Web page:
Kodak was always going to release two All-in-One machines. The EasyShare 5300, tested a couple of months back, left a good impression and is designed for the home market. The EasyShare 5500, reviewed here, is more a SoHo machine and comes with both Auto Document Feed (ADF) and duplexer for double-sided printing, as standard.
Again available only through DSG – PC World, Dixons Online and Currys – it comes in at £199, which is competitive with most of the opposition. Print costs, particularly for 15 x 10cm prints, come out at less than half the price of the other guys, though, at a true 7p per print.
The EasyShare 5500 has a very similar footprint to its smaller sibling and much of the hardware is shared between the two devices, too. For example, the same arrangement of A4 paper feed tray with a 15 x 10 centimetre photo paper tray set in above it, sits at the front of both machines. You switch paper sources by pushing or pulling the photo paper tray forwards and backwards.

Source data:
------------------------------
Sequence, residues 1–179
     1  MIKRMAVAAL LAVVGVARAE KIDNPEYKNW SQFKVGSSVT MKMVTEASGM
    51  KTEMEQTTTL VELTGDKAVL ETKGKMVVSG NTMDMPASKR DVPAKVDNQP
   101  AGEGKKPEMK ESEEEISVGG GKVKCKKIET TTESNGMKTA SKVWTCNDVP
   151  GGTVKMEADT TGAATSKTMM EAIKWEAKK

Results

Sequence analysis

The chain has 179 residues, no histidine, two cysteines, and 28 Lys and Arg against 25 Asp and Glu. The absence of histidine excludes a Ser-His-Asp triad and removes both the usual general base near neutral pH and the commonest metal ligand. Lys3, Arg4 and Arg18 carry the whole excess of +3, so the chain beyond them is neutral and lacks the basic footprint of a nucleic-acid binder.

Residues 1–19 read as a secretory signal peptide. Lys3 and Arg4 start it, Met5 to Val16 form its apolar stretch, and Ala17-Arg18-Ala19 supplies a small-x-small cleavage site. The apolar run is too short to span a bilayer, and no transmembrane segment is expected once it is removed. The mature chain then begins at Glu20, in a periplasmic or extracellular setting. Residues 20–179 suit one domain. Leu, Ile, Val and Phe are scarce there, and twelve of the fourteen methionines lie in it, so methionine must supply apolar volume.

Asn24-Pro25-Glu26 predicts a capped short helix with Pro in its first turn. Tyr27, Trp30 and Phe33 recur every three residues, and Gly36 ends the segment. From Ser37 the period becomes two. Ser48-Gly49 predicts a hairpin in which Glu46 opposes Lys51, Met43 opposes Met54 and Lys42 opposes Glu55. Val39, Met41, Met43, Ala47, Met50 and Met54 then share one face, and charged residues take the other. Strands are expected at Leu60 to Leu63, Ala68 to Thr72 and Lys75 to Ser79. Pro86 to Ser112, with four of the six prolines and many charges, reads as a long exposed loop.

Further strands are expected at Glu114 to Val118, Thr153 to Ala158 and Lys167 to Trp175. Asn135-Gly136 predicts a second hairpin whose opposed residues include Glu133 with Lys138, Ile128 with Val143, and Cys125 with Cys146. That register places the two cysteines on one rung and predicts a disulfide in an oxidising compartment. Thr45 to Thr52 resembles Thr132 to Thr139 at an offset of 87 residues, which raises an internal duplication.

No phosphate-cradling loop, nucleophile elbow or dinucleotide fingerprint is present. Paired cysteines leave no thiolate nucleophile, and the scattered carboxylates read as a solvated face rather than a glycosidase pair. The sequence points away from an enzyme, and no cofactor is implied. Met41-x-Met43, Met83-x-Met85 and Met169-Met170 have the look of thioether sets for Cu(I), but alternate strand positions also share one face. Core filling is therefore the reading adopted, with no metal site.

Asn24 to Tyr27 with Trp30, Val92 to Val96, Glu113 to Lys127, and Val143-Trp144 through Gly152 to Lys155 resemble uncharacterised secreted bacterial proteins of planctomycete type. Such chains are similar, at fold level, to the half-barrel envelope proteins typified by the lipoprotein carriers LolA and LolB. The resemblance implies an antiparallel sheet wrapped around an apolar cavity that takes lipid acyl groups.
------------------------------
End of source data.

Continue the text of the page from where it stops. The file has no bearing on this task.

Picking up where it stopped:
The same twin memory card slots cater for all the common types of card and a pair of USB 2.0 sockets at the bottom can either be connected to a PictBridge camera or can take an optional Bluetooth adapter or memory drive.
The control panel juts out from the front of the machine, but doesn't run its full width, to give you better access to memory and USB sockets below. It includes an array of illuminated function keys for scanning, copying, printing photos and faxing, as well as a square of navigation keys, with OK in the centre. There are Start and Cancel buttons and a number pad for entering fax numbers.
The controls are well laid out and the menu system on the LCD display is also logically organised. Slightly surprisingly, in this more expensive model, the LCD display is smaller than in the EasyShare 5300, at just 61mm.
The main hardware differences between the EasyShare 5500 and the EasyShare 5300 are the duplexer and the ADF in the 5500. The ADF can take up to 35 sheets, making multi-page documents much easier to scan or copy.
The EasyShare 5500, like its smaller sibling, uses an external, power brick. The brick on our review sample made a constant twittering sound, as if it had a small bird trapped inside, for the whole of the test period. We hope this is a reasonably isolated problem, but the supply on the EasyShare 5300 also made odd noises.